Seasonal unemployment is one of the four main classifications of unemployment that economists use to describe certain characteristics in the labor market and, whilst it is not usually thought to be a particularly damaging form of unemployment, it does pose some unique problems that can become serious if handled poorly by inappropriate government policy.
In this article I will describe the key issues for consideration when forming a policy approach towards seasonal unemployment. I will explain when the problems posed are likely to be at their worst, and what experiences and examples from other countries are available to help guide us.
First of all, let's start with a definition of what seasonal unemployment is.
As the name suggests, seasonal unemployment refers to certain time-periods in the year when workers experience difficulty finding, or maintaining, employment. The lack of jobs at these times is caused by natural fluctuations in the demand for labor due to associated fluctuations in the demand for the products of certain types of products/services.
There are many examples of seasonal unemployment because there are many fluctuations in demand for different types of products at certain times of the year. The more obvious examples relate to seasonal changes in weather, but there are many other causes. The list below includes the usual examples that get cited:
Similar to seasonal unemployment, there are many examples where short-season industries experience a temporary boost in demand that creates some additional short-term jobs. This might more accurately be described as seasonal employment rather than unemployment. Examples include:
The main problem with seasonal unemployment relates to how it should be treated with regard to access to various welfare support programs.
The pattern of employment throughout a year is important here, because for most people employed as a fruit-picker or other type of short-season job, there tends to be less intention of seeking welfare. Rather these opportunities are more likely to be taken as a means of temporarily supplementing a family income and nothing more.
As you will note from the examples above, there can be a large variation in the time-period that affects seasonal jobs. There is also no formal definition that sets a dividing line between seasonal unemployment and seasonal employment, so any yardstick that we use here is open to interpretation.
Casually we can simply regard seasonal jobs as lasting anything from a few weeks to a few months, and by their nature they will usually be low-skilled jobs because employers will not be able to justify those jobs if a long and expensive training period is required.
The critical distinction here relates to whether a person intends to be employed throughout the year or not. Access to welfare payments is denied to anyone who is not actively seeking work, merely being without work is not sufficient. This does, of course, present difficulties in enforcing this distinction since it is quite simple for a person to pretend to be actively seeking work even if none is desired, merely as a way to qualify for welfare support.
To combat fraudulent claims of this nature, many countries restrict access to welfare for anyone who has not worked for some minimum number of weeks in the year prior to becoming unemployed. Additionally, claimants may be asked to regularly provide evidence of job-search activities.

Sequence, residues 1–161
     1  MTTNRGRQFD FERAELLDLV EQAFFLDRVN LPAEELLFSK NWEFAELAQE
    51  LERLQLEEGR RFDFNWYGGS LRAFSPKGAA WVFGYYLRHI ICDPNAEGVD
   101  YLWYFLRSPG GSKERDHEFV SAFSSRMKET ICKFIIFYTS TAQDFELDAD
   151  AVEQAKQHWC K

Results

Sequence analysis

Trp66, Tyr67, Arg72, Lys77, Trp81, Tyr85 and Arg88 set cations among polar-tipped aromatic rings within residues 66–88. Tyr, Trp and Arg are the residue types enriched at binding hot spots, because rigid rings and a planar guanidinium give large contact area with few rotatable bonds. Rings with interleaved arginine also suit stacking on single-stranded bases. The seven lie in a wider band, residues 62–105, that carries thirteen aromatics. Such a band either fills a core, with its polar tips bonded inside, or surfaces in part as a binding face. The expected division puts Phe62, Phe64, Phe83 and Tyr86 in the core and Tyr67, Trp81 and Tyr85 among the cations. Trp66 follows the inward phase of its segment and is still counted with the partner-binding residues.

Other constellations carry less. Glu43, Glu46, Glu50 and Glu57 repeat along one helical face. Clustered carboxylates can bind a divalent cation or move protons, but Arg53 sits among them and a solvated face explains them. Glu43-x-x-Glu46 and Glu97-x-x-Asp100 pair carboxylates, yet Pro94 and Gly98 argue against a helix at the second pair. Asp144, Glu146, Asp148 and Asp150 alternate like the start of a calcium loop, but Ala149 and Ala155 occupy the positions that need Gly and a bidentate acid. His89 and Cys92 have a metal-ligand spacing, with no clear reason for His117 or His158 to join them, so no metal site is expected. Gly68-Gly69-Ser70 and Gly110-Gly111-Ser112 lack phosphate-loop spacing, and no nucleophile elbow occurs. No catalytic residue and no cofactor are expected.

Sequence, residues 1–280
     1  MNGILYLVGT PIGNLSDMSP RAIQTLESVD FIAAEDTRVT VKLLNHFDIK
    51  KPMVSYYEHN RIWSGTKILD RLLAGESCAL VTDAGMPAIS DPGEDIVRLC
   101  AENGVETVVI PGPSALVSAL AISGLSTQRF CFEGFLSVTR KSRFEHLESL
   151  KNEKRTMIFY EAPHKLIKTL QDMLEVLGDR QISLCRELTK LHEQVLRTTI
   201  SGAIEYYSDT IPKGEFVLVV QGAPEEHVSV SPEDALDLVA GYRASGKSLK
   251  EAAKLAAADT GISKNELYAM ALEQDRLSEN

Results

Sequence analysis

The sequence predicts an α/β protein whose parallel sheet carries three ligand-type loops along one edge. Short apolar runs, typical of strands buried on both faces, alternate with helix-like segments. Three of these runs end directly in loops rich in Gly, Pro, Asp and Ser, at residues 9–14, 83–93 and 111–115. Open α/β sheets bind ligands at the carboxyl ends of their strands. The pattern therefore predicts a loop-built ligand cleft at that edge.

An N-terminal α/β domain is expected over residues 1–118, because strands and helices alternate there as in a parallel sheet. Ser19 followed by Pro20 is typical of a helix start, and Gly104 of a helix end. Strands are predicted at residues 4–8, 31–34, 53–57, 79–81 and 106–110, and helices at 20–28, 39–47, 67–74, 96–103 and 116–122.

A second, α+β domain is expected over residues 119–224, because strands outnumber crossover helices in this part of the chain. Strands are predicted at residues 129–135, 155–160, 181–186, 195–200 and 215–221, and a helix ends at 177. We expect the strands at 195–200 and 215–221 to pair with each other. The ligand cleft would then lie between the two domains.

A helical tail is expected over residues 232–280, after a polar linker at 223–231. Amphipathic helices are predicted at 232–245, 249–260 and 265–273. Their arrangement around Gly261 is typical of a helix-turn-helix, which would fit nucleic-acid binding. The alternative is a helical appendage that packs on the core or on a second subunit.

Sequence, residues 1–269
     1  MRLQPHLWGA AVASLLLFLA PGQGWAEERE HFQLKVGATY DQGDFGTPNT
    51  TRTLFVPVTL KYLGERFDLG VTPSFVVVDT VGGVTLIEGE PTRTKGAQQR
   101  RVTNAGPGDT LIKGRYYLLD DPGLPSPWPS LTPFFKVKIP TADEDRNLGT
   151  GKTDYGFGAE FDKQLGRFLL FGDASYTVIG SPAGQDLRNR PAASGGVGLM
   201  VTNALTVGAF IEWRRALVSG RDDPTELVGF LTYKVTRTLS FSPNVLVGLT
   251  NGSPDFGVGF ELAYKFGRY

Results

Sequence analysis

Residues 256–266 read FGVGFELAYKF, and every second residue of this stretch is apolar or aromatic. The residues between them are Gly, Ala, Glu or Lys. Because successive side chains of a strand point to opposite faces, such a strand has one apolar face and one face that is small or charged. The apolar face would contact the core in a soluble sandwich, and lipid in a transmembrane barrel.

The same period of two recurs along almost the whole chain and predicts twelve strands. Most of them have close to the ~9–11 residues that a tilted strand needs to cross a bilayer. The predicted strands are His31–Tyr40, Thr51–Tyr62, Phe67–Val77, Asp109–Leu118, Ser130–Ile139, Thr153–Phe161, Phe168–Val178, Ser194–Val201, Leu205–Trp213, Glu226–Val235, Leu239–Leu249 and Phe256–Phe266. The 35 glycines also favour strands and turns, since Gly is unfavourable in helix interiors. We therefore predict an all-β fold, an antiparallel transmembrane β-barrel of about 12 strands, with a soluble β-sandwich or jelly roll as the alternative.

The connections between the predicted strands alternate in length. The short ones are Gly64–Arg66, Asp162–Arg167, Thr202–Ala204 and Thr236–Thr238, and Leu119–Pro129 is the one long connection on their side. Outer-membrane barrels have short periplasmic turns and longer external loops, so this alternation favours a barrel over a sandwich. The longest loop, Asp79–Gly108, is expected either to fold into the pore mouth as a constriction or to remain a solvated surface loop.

There are also some general arguments against provision of welfare payments to people who become seasonally unemployed. These include:
Whilst all these arguments may have merit in specific circumstances, research has generally failed to substantiate them in a convincing fashion. Furthermore, the problems involved in devising effective policies to account for such specific circumstances, as well the practical implementation of those policies, has generally discouraged most countries from attempting to overcome them.
It is reasonable to assume that the countries most impacted by seasonal influences on their levels of unemployment might also be the ones that are most active in implementing policies aimed at mitigating those influences. The evidence of this, however, is somewhat patchy. Grady and Kapsalis have shown that while Canada and the Nordic countries experience some broadly similar weather patterns, the impact of this on employment levels is different. As a consequence, seasonal unemployment policies are rare in the Nordic countries compared to Canada.
The reader should also be clear that it's not just about economic impact; there may be very different cultural attitudes towards government involvement in economics from one country to another. For example, Eastern Europe still has a large electorate that remembers the hardship of being ruled by Communist USSR, and because of that there is a much more appreciative attitude towards free-market solutions and individual responsibilities for finding work, in contrast to the extra perceived responsibility of the state to provide solutions that your average Canadian voter might have.
There is also the question of how a given country develops policies to tackle local unemployment arising in those areas most susceptible to seasonal shifts in demand for workers. Coastal areas that have significant fishing industries or holiday resorts can be hit hard at particular times of the year, and particular policies to deal with this may be desirable. For the most part, the typical response is simply to provide standard programs to help solve general barriers to work.